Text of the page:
Our shouting is mostly inarticulate — howls from the wilderness of our lost souls. Our cries escalate, one atop another, never quite forming intelligible language. We can not stop. We force the nonsensical out of each other’s throats, like sputum from the spit valve of a tuba.

You might think alcohol is somehow involved. Or weed. Or prosthetic limbs. And you would not be entirely wrong. Lines get blurred. Barriers wear thin as damp cocktail napkins. Emotions become abrade by Fuzzy Navels, Black Russians, Singapore Slings, Skip & Go Nakeds. Something inevitably bleeds through, like self esteem, pride, memory, regret or loss. Alcohol is all we have to lubricate our pain. Smashed bottles are easier to sweep aside than broken dreams.

We are a mess, plainly. So unlike the good couple next door. What do they know about eczema, ulcers, nosebleed and panic attacks? Let them splaterlessly ooze batter into their waffle griddle and half-slice fresh berries into their mimosas. We will be here rubbing coffee grounds into the rayon carpeting, stuffing charred meats into the garbage disposal, tossing soiled blouses and slacks off the fire escape, biting shoulder blades, pulling hair, beards, nipples and toes, ejaculating semen, spit, urine and mouthwash every which way.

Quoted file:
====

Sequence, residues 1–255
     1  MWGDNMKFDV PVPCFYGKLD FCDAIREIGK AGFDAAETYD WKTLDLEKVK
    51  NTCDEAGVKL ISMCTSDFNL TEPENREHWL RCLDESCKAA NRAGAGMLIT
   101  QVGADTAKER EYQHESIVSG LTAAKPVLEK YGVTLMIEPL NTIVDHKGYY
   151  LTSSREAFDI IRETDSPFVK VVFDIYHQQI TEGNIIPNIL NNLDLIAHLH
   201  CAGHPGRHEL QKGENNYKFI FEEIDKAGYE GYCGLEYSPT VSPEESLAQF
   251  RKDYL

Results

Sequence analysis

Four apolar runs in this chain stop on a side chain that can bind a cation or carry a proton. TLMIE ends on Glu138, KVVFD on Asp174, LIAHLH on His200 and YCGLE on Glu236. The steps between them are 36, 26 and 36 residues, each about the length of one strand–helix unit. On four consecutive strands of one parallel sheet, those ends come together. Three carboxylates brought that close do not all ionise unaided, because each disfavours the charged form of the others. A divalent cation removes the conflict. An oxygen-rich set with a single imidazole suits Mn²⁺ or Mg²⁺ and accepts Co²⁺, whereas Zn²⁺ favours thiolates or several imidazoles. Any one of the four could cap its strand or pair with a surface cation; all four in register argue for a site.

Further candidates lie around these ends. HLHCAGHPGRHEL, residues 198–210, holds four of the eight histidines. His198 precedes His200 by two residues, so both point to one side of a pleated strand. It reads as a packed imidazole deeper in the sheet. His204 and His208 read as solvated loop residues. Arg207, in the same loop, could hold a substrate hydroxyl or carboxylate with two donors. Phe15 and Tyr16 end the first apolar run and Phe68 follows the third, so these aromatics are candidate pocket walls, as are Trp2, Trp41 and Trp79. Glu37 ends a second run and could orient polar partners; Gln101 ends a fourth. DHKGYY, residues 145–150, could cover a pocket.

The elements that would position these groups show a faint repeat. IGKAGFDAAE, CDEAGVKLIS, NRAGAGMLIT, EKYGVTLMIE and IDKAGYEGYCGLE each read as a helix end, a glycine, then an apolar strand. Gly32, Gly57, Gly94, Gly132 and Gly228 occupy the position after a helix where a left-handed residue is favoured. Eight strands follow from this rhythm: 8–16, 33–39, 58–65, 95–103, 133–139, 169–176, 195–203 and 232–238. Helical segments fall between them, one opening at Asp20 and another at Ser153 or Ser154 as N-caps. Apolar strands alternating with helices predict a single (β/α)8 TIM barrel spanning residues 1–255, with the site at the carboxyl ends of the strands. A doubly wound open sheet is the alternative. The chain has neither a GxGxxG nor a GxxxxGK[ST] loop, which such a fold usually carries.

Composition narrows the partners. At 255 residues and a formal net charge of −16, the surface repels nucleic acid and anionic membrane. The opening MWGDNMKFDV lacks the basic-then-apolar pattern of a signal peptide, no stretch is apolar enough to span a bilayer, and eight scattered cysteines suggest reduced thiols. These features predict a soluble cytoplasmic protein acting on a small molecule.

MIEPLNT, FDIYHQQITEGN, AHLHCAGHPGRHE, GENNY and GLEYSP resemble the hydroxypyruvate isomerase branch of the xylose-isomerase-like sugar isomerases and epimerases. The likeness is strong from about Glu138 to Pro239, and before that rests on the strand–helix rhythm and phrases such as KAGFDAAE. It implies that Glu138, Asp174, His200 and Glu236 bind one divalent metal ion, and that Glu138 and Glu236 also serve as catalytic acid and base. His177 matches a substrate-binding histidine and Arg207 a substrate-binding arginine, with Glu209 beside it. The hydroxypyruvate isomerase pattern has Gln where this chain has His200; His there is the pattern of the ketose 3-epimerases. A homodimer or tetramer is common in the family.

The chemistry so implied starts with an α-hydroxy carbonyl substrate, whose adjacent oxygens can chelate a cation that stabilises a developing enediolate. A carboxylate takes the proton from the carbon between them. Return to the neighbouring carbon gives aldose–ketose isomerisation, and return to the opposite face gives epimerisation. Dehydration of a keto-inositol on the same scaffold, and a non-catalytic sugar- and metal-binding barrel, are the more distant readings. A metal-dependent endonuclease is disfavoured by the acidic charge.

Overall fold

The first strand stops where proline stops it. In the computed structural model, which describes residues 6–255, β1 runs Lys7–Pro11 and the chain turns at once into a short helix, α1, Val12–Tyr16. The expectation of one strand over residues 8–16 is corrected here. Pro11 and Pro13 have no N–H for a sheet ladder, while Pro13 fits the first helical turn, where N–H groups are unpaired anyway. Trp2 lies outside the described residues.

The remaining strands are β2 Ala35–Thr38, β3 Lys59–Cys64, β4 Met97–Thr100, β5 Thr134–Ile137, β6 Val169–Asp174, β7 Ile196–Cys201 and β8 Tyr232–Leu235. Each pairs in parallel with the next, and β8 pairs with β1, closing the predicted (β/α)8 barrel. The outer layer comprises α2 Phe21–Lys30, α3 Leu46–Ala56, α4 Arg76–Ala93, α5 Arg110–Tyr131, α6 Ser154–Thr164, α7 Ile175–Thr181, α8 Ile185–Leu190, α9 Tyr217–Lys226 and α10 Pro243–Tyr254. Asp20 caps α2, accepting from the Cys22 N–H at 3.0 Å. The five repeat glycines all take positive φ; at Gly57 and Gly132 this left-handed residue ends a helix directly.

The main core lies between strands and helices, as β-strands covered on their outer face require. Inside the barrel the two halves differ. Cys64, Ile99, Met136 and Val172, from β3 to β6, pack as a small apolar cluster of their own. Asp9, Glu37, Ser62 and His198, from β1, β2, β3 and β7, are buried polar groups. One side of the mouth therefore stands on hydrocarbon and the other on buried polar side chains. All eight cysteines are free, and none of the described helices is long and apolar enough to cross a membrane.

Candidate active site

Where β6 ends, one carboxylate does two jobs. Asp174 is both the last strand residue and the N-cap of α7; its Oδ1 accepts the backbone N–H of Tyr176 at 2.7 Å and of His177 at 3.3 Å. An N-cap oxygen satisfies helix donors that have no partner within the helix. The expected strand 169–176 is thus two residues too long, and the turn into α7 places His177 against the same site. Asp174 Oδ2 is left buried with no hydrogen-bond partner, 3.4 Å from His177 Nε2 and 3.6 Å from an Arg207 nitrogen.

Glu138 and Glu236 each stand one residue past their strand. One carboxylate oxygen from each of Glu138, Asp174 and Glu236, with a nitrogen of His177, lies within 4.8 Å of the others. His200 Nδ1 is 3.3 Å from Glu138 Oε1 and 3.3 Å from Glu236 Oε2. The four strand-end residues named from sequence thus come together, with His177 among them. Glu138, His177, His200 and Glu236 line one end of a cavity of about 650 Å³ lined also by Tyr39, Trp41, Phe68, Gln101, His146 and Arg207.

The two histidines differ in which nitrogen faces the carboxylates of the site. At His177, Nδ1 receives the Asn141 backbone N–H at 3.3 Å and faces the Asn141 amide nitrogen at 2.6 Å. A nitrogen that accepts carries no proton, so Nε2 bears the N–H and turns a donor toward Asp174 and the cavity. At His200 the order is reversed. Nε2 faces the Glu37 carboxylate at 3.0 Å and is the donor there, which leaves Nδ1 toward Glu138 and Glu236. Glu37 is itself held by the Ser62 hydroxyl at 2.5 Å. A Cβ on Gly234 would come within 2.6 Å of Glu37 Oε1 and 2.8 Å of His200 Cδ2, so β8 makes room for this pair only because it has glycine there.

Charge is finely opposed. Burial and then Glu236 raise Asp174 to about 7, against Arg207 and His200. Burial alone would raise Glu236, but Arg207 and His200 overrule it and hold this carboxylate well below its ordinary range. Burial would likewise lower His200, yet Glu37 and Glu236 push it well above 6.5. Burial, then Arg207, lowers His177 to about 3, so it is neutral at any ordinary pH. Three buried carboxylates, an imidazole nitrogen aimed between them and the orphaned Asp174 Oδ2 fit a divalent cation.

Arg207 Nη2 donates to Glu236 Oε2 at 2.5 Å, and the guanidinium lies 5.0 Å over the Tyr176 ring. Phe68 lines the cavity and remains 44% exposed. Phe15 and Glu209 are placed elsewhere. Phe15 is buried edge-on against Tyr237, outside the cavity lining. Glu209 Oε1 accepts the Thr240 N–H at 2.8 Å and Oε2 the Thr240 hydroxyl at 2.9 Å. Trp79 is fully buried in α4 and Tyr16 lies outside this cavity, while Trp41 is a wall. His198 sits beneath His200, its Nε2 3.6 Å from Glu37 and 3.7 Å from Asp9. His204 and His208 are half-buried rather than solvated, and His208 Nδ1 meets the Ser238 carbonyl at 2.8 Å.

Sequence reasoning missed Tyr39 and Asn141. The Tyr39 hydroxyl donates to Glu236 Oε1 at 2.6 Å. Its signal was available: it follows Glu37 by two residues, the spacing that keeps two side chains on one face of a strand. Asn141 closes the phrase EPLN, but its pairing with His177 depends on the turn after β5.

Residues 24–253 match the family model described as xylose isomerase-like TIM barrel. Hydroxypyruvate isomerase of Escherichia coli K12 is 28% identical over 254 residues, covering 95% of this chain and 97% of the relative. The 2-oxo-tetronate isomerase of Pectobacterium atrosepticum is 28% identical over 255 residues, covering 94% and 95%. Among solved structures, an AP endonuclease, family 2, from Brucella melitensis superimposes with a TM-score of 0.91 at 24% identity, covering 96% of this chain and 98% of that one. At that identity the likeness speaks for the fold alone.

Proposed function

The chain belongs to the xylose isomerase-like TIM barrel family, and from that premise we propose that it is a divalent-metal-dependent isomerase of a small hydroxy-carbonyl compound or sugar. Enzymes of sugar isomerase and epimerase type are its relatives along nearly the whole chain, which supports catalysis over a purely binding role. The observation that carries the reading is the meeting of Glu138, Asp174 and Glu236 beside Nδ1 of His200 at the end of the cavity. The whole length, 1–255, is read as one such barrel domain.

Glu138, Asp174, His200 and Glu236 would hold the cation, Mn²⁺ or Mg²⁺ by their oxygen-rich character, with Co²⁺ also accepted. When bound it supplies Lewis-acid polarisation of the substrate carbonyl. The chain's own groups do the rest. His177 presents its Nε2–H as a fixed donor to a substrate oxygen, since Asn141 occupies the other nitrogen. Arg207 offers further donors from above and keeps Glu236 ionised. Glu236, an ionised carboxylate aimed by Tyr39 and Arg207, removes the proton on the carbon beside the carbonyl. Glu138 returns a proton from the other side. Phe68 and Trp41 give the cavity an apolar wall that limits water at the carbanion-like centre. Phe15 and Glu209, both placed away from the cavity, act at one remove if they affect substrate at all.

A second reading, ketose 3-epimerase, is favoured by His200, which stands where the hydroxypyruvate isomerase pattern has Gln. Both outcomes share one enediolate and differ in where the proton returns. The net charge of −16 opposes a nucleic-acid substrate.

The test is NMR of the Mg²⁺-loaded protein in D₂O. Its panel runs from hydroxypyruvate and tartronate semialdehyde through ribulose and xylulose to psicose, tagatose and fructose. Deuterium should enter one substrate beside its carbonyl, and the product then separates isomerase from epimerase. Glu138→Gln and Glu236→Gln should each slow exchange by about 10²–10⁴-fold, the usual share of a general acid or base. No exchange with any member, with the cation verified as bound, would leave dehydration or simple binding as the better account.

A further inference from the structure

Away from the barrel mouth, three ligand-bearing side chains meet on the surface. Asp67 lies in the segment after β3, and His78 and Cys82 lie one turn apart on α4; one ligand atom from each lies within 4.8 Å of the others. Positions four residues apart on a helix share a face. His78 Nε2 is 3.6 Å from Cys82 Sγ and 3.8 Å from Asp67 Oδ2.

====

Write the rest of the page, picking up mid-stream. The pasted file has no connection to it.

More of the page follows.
One day there was a very deep silence from next door. It was like a silence ensconced in a quiet, wrapped in a hush, embedded in a void and smothered beneath a cold, wet mattress of indifference.

Come here.

Fuck you. You come here.

No, listen. Next door. Come closer.

We passed the listening glass back and forth. It was the only unsmashed piece of glassware we still owned.

It was quieter than empty. Too quiet for them simply be not home or asleep. We speculated they were dead. Killed by an intruder or asphyxiated by their Thermador gas range. It hadn’t occurred to us the good couple next door simply moved away and what we heard was the hollowness of empty space, an apartment denuded of furniture, plants, throw rugs, macrame wall hangings and window shades.

A van came for their things mid-day. They were packed and gone in less than an hour. So said Daryl, the man in room 205 who fixes our broken furniture, repairs the holes in the plaster and sets the doors back on their hinges.